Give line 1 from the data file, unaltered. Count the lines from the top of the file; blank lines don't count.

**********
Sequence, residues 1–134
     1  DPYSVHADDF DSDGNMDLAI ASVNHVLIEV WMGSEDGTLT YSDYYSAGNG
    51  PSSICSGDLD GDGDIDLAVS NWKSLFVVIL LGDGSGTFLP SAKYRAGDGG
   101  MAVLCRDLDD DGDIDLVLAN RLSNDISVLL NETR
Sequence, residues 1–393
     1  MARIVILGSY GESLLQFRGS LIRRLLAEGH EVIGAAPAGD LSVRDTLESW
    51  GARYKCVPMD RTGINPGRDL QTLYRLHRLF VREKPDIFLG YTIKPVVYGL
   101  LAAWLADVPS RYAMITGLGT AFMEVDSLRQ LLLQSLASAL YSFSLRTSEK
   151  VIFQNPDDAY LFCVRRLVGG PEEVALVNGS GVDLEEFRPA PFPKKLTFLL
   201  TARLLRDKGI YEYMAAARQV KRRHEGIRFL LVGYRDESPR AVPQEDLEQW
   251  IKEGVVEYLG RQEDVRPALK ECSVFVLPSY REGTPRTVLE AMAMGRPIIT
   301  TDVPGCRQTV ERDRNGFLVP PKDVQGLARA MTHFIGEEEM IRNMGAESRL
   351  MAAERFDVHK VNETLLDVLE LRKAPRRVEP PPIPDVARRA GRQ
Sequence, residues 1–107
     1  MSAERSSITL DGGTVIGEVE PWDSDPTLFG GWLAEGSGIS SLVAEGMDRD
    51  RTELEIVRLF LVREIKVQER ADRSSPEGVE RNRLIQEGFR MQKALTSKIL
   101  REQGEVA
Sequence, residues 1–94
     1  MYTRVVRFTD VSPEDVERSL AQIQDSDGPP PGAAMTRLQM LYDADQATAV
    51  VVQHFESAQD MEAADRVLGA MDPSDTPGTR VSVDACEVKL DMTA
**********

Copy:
Sequence, residues 1–134